Last week saw Eid al-Adha, and ought to have brought the beginning of a ceasefire between the government of Afghanistan and the Taliban, which was announced by President Ashraf Ghani the Sunday before. Continue reading
Review – 21 Lessons for the 21st Century by Yuval Noah Harari
The success of Yuval Noah Harari’s first book, Sapiens, a sweeping assessment of human history, was so great that its author has been granted a status far beyond that normally afforded to professors of global history. Continue reading
With the fall of Daraa and the end of rebel rule in Syria’s southwest, observers are beginning to talk more definitely about the conclusion of the country’s civil war. Advocates of the regime of Bashar al-Assad have claimed the conflict was close to ending consistently.
The spat between Saudi Arabia and Canada seemed, at first, an inexplicable rift. Saudi behaviour, in expelling the Canadian ambassador after a Canadian diplomatic Twitter account judiciously criticised the kingdom’s record on human rights, is widely perceived to be unjustified, unreasonable and nonsensical. But those adjectives are less uncommon in diplomacy these days than one might expect and hope. Continue reading
The regime of Bashar al-Assad plainly believes the Syrian Civil War is entering its terminal stages. This belief is distinct from the regime’s messaging, which has consistently held that Assad was never threatened by Syria’s revolution, and that his victory was always assured. Continue reading
The long-standing row over alleged anti-Semitism in the Labour party continues to rumble on. This weekend deputy leader Tom Watson spoke out and was quickly the subject of an online campaign from Corbynistas calling for him to resign. Today we have a member of Labour’s National Policy Forum, George McManus, suspended over a Facebook post comparing Watson to Judas because he took money from ‘Jewish donors’. Continue reading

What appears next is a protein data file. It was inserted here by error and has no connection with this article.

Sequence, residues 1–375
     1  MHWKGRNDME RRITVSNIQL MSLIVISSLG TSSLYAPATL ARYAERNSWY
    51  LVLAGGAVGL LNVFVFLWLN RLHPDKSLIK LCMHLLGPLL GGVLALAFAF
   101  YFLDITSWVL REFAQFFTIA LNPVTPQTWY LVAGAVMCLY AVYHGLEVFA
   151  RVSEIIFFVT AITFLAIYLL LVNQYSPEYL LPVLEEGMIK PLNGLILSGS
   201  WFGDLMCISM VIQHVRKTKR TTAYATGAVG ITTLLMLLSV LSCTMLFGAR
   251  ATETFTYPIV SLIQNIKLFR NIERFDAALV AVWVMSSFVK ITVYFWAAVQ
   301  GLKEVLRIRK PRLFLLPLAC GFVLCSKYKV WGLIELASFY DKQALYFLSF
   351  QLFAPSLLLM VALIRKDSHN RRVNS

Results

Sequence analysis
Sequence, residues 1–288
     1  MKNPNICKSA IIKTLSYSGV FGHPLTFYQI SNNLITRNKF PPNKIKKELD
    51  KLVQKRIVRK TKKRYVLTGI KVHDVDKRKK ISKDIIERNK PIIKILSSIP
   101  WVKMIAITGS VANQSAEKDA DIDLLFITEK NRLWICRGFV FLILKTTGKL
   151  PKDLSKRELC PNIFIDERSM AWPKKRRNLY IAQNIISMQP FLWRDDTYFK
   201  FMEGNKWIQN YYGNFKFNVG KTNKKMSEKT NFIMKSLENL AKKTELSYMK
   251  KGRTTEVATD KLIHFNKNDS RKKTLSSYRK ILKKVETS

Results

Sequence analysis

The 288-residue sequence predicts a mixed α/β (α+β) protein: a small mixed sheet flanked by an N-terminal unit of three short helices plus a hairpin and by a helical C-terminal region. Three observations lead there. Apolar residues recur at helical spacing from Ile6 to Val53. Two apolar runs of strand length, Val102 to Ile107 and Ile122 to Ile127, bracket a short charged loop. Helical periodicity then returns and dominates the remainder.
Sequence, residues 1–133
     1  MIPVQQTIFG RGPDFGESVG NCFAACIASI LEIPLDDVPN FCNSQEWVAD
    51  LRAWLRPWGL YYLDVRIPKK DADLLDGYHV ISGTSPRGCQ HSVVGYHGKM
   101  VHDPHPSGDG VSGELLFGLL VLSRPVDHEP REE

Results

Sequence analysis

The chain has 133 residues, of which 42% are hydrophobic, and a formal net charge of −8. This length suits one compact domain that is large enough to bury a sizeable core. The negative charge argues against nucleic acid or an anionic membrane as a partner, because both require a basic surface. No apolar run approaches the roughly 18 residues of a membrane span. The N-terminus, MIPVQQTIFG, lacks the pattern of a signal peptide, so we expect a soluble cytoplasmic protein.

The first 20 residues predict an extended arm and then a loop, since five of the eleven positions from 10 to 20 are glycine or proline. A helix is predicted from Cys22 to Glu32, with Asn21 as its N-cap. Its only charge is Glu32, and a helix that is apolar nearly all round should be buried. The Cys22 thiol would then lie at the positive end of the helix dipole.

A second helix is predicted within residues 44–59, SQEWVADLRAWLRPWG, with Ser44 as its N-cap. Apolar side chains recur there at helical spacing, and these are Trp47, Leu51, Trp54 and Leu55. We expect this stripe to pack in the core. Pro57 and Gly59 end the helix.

Review – The Death of Truth by Michiko Kakutani
Amid many recent books purporting to explain our present age’s apparent problems with the truth, Michiko Kakutani’s stands out.
It stands out because of its author’s reputation as a judicious writer; she was awarded a Pulitzer Prize for literary criticism. But more than that, it stands out because of the specificity of its central claim – which holds not, as other books have argued, that there is more falsehood in the world now than ever, or it is easier to be duplicitous, and on a grander scale, than at any time in recent history; but rather that the very idea of verity is under attack, and that it has been in retreat for some time. Continue reading